Austria & All the Schnitzel
This is one of the most touristy meals out there, but it’s famous for a reason – it’s delicious. Sure you can find Wiener Schnitzel (which means schnitzel from Vienna) just about anywhere, but when you’re in Vienna one of the best places to enjoy this traditional delicacy is at Figlmüller’s. Located near St. Stephen’s, the chefs at Figlmüller’s have been creating some of the best versions of Austria’s national dish since 1905; so it’s safe to say they know what they’re doing. The schnitzels are made from the best cuts of pork and extend well past the edge of the plate – a massive 11 inches in diameter. Still, I found myself devouring this classic dish in no time; it was light, crispy and delicious. You can enjoy schnitzel anywhere, but be sure to try it at Figlmüller’s who really can be credited with transforming this popular dish into the culinary event it is today.
That wasn’t the only time I tried schnitzel in Vienna, I also joined a cooking excursion offered by Avalon Waterways. The class, which lasted an entire afternoon, was taught by one of the most entertaining people I’ve ever met and during our time in his demonstration kitchen, we learned the proper way to not only make an authentic Wiener Schnitzel but an equally authentic (and delicious) apple strudel. While the excursion was an optional one, it was one of the most fun experiences I enjoyed during my week sailing with Avalon.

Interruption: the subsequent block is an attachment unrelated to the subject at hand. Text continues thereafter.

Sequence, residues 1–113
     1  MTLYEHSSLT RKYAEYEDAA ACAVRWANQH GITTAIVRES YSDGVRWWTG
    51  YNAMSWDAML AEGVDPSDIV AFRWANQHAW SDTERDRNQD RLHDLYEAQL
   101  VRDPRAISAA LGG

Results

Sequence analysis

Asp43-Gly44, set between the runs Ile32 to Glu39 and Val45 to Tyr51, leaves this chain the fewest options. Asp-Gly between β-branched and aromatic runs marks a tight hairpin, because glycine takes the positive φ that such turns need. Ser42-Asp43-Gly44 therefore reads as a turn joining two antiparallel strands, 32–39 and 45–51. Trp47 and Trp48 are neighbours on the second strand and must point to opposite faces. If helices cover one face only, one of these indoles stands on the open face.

Non-Schnitzel Austrian Fare
Breakfast culture – While in Vienna, I took a tour that shared the early-morning side of Vienna just as it started to wake up. A big part of that was enjoying a classic Viennese breakfast (and especially coffee) experience in a beautiful downtown cafe. Some bread and jam, cold cuts and a soft-boiled egg was the perfect light start I needed but, more importantly, the coffee was incredible. Vienna is famous for its coffee culture and as a true coffee lover, it was a highlight of my day. Served on a silver tray with a small glass of water, there is a certain protocol to the ritual and no one is ever rushed. If you want to order just one cup of coffee and sit in the shop and read for a few hours, that’s fine. Coffee is meant to be enjoyed and when coupled with space as gorgeous as this one in downtown Vienna, there are few better ways to slowly wake up.
Kaiserschmarm – At the end of the day, while savoury is fine, I have an incredible sweet tooth. A dessert is always an important event for me, and I wasn’t disappointed in Vienna or anywhere else in Austria. Kaiserschmarrn can be found throughout both Germany and Austria, but its Imperial roots trace it back to Vienna. It’s also easy to find and delicious to enjoy. It’s a light, caramelized sweet pancake that is split into pieces while frying and served with powdered sugar and applesauce or other compotes. While not as sweet as a chocolaty dessert, it’s filling and tasty and more than satisfied my sweet cravings.